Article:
Tag Archives: Ham Radio

WSPR explained

Many thanks to SWLing Post contributor, Bill Patalon, who shares a link to the following article on Extreme Tech:

Last Tuesday at 1744 UTC (1:44 PM EDT) UR3RM, a ham radio station in Ukraine blindly sent out a message on 7040.138 kHz.  It was automated. It was text. Maybe someone would hear it. Maybe not.

The “maybe not” part is easy to understand because UR3RM’s transmitter was putting out one milliwatt, .01 watts. To put that in perspective, a Class 2 Bluetooth transmitter, the ones good for around 30 feet, run 2.5 milliwatts.

UR3RM was using a mode called WSPR for Weak Signal Propagation Reporting. Unlike most of ham radio, this is a one-way mode. Not only is there little expectation anyone will be listening, but there’s even less that the signal would make it back. Radio propagation isn’t always a two-way path.

WSPR’s biggest selling point is you can do it on the cheap. It’s easy to set yourself up for not much more than $100 and often a whole lot less. And, though a ham radio license is needed to transmit, anyone can put up a receiver. And the US ham license test is multiple-choice, all published and online.[…]

Click here to continue reading at Extreme Tech.

Post Readers: How many here have received and/or transmitted using WSPR?  Please comment!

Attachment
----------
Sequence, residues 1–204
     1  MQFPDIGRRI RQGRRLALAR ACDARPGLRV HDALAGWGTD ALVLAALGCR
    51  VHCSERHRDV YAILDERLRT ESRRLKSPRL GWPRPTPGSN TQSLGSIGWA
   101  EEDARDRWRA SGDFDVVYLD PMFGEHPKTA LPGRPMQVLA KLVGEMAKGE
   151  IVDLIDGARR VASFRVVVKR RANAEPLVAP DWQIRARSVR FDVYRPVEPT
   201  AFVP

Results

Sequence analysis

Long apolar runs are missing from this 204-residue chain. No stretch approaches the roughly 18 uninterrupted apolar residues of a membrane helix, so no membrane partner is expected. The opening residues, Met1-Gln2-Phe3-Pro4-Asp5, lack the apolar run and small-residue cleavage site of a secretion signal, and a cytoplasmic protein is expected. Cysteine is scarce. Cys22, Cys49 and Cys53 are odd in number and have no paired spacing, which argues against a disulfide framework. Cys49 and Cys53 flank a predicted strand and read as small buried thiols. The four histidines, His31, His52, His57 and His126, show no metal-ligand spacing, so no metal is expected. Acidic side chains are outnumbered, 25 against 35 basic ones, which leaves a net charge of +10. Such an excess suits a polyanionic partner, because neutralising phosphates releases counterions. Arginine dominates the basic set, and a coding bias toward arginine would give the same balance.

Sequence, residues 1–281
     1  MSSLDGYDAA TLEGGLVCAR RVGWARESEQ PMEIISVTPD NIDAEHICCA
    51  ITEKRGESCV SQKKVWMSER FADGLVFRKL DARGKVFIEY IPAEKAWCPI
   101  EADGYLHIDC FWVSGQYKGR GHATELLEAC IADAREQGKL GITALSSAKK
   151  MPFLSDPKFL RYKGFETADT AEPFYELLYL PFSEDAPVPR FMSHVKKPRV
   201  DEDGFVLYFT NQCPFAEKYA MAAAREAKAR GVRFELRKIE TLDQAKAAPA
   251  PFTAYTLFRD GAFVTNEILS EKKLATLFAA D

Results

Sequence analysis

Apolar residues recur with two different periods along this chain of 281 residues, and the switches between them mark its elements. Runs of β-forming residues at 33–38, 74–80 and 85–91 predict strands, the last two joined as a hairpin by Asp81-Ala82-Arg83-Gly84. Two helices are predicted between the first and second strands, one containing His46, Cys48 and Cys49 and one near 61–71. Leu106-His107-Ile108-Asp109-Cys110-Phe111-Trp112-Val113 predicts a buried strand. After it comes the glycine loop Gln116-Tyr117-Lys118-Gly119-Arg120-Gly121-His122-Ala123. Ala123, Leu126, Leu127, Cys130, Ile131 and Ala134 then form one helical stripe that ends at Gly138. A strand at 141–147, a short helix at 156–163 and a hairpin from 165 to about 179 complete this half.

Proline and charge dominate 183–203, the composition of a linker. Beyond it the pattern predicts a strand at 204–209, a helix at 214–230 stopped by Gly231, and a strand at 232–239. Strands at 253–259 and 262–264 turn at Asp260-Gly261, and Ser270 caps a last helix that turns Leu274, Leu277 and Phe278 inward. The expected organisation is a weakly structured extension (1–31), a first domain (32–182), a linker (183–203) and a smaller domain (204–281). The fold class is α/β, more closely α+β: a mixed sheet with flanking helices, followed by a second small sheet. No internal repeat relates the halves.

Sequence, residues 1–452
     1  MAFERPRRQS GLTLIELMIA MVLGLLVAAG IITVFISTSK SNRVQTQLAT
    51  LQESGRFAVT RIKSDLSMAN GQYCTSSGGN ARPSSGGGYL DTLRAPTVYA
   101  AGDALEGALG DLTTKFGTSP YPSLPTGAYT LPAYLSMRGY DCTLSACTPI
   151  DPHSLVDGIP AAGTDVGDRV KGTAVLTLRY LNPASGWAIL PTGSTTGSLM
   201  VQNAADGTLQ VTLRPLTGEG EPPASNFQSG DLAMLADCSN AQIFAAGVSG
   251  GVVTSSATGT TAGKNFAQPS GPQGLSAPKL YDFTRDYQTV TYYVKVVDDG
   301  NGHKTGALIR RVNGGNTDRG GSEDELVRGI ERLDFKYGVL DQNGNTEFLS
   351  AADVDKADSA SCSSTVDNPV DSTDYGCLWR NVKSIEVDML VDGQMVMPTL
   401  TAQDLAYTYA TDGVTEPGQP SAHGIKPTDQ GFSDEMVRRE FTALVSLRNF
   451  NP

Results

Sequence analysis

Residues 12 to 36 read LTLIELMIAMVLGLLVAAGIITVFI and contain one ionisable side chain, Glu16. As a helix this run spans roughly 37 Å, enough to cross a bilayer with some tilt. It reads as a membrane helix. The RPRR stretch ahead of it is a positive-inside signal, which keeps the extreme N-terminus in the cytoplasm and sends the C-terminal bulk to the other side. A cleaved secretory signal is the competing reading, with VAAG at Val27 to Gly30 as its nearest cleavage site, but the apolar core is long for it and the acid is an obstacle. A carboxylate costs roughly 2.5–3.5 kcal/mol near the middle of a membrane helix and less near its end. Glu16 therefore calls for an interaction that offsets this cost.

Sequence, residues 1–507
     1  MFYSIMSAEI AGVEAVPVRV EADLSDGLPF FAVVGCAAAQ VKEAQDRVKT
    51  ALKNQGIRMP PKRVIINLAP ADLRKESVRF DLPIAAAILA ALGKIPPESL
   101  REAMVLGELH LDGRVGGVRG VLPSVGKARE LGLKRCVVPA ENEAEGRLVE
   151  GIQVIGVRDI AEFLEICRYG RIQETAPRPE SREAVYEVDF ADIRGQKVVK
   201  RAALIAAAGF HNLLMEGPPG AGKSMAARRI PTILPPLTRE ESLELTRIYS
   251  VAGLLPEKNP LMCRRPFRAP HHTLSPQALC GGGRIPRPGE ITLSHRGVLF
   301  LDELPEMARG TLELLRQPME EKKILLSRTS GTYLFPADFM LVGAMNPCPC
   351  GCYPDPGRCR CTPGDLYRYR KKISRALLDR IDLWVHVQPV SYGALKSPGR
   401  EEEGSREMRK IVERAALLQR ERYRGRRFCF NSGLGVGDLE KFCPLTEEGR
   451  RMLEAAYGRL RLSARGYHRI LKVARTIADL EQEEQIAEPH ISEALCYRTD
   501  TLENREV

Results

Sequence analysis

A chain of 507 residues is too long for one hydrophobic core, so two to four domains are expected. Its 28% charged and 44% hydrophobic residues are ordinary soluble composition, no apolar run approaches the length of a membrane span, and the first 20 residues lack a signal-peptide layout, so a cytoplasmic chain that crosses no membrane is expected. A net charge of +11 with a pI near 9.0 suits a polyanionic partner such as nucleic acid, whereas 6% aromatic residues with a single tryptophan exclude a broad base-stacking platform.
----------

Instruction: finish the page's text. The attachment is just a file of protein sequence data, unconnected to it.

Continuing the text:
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FCC recommendation to make all ULS filings electronic

(Source: ARRL)

The FCC is seeking comment on a Notice of Proposed Rulemaking (NPRM) that is part of an overall plan to complete its transition to electronic filing, licenses, authorizations, and correspondence. The notice proposes to make all filings to the Universal Licensing System (ULS) completely electronic, expand electronic filing and correspondence elements for related systems, and require applicants to provide an email address on the FCC Forms related to these systems. Although much of the FCC’s ULS filings are already electronic, the changes suggested in the NPRM (in WT Docket No. 19-212) would require all Amateur Radio Service applications to be filed electronically. Under current rules, Amateur Radio applications may still be filed manually, with the exception of those filed by Volunteer Examination Coordinators (VECs).[…]

Click here to read the full article at the ARRL website.

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2019 Huntsville Hamfest photos: Vendors, Clubs and Organizations

As promised by Huntsville Hamfest veterans, Sunday was a more relaxed day at the Huntsville Hamfest than Saturday (which was insanely busy–in a good way).

Since we had a table in the vendor section of the hamfest, I started taking many of the photos below before the doors officially opened. As you’ll see, all of the major radio manufacturers and retailers were present in Huntsville. It’s no surprise, as it turns out Huntsville is the third largest hamfest in North America (Orlando Hamcation is #2 and Hamvention #1).

[Note that Huntsville flea market photos were posted yesterday.]